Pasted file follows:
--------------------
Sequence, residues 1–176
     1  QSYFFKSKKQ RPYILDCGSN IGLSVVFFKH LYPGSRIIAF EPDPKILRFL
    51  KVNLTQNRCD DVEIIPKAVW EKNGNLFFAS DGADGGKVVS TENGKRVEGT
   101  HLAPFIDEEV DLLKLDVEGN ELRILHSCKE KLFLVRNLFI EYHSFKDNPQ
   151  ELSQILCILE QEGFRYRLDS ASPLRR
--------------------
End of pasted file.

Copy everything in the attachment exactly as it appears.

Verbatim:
Sequence, residues 1–176
     1  QSYFFKSKKQ RPYILDCGSN IGLSVVFFKH LYPGSRIIAF EPDPKILRFL
    51  KVNLTQNRCD DVEIIPKAVW EKNGNLFFAS DGADGGKVVS TENGKRVEGT
   101  HLAPFIDEEV DLLKLDVEGN ELRILHSCKE KLFLVRNLFI EYHSFKDNPQ
   151  ELSQILCILE QEGFRYRLDS ASPLRR